Regular readers will know that in December I announced the findings of the annual Treasure Report in line with my responsibilities as Heritage Minister – and you can read about that here: https://www.michaelellis.co.uk/news/michael-goes-treasure-hunting.
Having looked carefully at the current law with regards to treasure since I became Heritage Minister I have now announced new proposals to redefine “treasure” in order to secure the long-term preservation of valuable pieces of history in this country. The recent report noted that there have been a record number of treasure finds, mostly by people using metal detectors, which is an increasingly popular pastime.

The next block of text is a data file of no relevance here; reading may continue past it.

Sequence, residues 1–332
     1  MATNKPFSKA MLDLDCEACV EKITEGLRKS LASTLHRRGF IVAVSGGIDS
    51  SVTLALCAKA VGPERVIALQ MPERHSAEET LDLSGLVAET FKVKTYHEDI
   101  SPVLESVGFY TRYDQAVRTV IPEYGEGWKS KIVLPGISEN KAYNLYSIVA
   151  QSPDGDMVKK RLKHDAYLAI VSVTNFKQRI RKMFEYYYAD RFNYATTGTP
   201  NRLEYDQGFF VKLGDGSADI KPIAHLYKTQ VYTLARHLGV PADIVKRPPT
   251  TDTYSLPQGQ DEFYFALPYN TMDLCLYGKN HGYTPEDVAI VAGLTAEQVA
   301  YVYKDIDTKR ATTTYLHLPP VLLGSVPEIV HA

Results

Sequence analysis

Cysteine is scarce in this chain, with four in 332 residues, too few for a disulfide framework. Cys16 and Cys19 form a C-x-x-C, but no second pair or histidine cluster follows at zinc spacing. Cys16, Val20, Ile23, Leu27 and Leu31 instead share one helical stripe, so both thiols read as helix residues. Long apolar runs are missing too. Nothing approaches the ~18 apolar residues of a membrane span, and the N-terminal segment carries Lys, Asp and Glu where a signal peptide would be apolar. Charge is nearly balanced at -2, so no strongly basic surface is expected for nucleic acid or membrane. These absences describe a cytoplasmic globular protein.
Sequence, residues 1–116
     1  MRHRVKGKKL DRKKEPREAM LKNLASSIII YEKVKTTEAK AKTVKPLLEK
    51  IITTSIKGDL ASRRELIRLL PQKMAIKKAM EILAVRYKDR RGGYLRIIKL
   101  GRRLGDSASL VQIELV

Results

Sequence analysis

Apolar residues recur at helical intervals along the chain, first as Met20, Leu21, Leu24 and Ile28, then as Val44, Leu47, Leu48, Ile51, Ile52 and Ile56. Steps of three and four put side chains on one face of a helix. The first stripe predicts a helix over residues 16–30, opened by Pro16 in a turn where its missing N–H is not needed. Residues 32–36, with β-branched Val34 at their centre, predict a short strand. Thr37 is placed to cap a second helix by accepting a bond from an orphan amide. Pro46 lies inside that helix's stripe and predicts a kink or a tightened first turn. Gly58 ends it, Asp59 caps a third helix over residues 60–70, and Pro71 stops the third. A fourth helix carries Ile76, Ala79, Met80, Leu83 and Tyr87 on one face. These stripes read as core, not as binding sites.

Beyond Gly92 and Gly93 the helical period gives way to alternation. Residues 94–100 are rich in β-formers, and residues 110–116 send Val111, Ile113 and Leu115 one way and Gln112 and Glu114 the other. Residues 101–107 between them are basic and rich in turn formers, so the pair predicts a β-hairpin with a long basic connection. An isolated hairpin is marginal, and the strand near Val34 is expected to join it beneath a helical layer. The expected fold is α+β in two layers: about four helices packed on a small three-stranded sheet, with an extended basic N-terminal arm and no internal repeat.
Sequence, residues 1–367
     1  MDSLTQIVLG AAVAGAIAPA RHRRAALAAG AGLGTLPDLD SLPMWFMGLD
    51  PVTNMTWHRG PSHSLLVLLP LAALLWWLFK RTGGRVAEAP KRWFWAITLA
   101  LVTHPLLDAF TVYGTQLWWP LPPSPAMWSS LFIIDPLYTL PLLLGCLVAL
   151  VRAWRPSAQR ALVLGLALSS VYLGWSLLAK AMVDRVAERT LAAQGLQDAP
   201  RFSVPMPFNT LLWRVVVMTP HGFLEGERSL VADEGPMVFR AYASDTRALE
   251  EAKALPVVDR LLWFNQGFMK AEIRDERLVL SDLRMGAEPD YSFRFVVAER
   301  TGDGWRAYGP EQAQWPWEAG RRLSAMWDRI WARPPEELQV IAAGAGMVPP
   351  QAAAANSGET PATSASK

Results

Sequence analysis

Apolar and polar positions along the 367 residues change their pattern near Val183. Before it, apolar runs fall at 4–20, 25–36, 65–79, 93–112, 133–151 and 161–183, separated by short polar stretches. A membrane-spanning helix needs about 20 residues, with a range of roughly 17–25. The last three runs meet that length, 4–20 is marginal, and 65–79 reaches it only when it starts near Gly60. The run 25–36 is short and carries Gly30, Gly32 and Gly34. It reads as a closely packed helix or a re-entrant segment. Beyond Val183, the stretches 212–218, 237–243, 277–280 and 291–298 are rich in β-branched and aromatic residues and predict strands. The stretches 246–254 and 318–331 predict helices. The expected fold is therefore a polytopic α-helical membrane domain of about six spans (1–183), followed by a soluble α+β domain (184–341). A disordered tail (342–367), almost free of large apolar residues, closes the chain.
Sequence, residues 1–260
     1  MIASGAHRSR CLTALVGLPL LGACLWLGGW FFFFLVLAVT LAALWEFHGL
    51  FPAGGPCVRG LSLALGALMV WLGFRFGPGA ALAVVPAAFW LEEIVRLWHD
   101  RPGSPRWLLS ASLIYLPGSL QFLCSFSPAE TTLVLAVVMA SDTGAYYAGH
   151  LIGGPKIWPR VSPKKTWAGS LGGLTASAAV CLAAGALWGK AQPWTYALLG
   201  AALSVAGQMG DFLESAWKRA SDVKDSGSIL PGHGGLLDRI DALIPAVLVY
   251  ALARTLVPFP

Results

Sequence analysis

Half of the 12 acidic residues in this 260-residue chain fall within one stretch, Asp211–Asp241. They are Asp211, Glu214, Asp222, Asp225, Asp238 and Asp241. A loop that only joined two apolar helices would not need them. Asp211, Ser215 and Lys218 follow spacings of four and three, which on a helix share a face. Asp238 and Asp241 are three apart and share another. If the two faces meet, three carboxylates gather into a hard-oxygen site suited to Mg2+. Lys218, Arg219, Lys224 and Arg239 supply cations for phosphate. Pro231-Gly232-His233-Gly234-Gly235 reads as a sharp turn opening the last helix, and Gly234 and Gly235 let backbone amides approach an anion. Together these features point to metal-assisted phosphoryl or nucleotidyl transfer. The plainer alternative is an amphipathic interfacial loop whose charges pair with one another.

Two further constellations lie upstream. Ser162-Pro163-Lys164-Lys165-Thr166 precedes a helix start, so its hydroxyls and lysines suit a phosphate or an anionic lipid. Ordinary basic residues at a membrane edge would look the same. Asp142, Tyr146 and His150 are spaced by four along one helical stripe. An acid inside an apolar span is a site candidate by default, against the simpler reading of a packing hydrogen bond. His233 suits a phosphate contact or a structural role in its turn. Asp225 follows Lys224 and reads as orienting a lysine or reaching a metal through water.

Currently, the Treasure rules mean that certain artefacts of great archaeological and cultural importance are being lost to private sellers rather than being displayed in museums because they do not meet the current narrow definition of treasure. The current definition is that treasure is a find more than 300 years old consisting of gold, silver or another precious metal where an owner cannot be found.
The proposal is to widen this definition to include artefacts of any substance which is worth more than £10,000. This will give museums a better chance of acquiring objects for the public to enjoy. One example of a problem with the current definition is when a 1,700 year old Roman era Crosby Garrett helmet which was found in 2010 could not be classed as treasure because it was not made of precious metal- it was sold to a private collector for £2.3 million despite its historical significance.
You can read more about the proposed changes using the following link: https://www.gov.uk/government/news/government-announces-new-plans-to-protect-treasure-finds.